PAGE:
I’m now 2 weeks out from my second-ever bodybuilding show, and my prep has gone completely according to schedule. I’ve lost about 13-14 pounds since May, and getting verrrry close to my stage weight. I cannot WAIT to present my physique at the IFBB Muscle Contest Philippines on Sept 8. It will be a big international show and I’m both excited and nervous.
Here’s my latest check-in picture (in the green bikini, taken earlier this week):
Compare this to my show-day physique from last year. While I was thrilled with what I brought to the show last year at my first-ever bodybuilding contest, my goal this year was to “beat myself” by making improvements that would be evident on stage (smaller waist, fuller glutes, & tighter legs.) I think I’ve done that, especially considering I still have 2 more weeks to work. Of course I want to place well in the actual competition… but that all depends on who else shows up and what the judges decide that day. It’s a completely subjective sport.
I’m excited!! I’ll let you know what happens. I’m entered in 4 categories for my division: Bikini Open (all ages), Bikini Novice (never won anything in this federation- IFBB), Bikini Master’s 35+, and Bikini Master’s 40+ (yup, that’s as high as it goes, friends!) I could potentially be 8 years older than some of my competitors in the oldest category, and it’s likely that some of the girls in the Open category will be young enough to be my daughters. Ha! But this kind of competition is such a fun challenge for me.
But that’s not the point of this post. There’s been another side to this whole “prepping” process that I really feel like I need to address. As I’ve become leaner and leaner, I’ve received more and more compliments. Not on my potential for doing well at the competition, but on my overall “transformation.” I think there is a misconception that this is my “new body” or that I can “just stay like this.”
I can tell you right now, I have no intention of staying like this!!! Haha. The day after the show I’ll be eating everything I haven’t for the last 15 weeks. I’ll be eating until I’m full (and probably beyond.) Then the next day, I’ll jump right back to my maintenance calories (2400… I’m eating just under 1700 now) and slowly gain back up to a reasonable level of body fat.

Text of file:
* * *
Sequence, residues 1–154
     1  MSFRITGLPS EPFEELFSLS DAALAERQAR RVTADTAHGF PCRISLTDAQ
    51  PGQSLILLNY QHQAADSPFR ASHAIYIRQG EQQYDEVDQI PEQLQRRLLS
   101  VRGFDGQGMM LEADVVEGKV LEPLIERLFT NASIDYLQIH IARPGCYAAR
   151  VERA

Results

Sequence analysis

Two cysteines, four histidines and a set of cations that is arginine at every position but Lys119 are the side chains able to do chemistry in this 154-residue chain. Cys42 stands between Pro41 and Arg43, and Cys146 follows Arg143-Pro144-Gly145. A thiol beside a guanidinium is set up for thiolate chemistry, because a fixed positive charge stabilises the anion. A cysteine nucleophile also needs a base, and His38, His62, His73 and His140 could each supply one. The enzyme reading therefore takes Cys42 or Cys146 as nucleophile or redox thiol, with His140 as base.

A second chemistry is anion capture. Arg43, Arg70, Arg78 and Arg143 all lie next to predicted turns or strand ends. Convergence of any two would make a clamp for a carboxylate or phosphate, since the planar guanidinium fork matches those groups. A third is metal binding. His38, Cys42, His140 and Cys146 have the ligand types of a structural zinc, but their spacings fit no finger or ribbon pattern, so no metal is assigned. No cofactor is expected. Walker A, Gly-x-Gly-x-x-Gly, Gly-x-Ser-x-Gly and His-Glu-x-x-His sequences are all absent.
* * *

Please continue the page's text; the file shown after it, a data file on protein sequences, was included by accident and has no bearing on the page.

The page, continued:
Because folks, this level of leanness is just not sustainable. Or actually, I should say, the behaviours required to get here are not sustainable. This is for show day only. I would never, ever take it this far if I weren’t competing.
To give you some insight on what my prep has been like, I began my “cutting” phase (the process of losing body fat while retaining muscle built in the off-season) in mid-May. I started with a small caloric deficit of about 200 calories per day with one cardio exercise session per week… this first step was very easy and totally sustainable. (My standard 5-day lifting program has remained largely the same in terms of volume & intensity: each workout takes me between 60-90 minutes to complete.) But it just intensified from there. By mid-June my calories dropped another 200 and I added 4 more cardio sessions each week for a total of 5. Then in August, another calorie drop (by another 300, putting my total deficit at 700 calories per day below my maintenance level) and we changed 2 of the cardio sessions to hour-long sessions done in a fasted state. So by now, I pretty much just work out and then rest! Because I don’t have enough calories to fuel anything other than my exercise these days!
I think there’s a terrible ruse in social media these days that presents extreme leanness as healthy, good, and even kinda easy. “Just eat right and exercise and you’ll look like this all the time.” But it’s just not true. I see young (and older) women on Instagram who seem to maintain this look year-round, and I wonder what’s really going on with them. What are they doing? Because I know what they’re not doing: going out to lunch with their friends. Having a glass of wine with their husbands. Definitely not enjoying a piece of their child’s birthday cake. They are doing what I’m doing now: eating in a significant caloric deficit and working out HARD. Every day with no exceptions. Oh and did I mention no booze? I did… how easy it is to forget!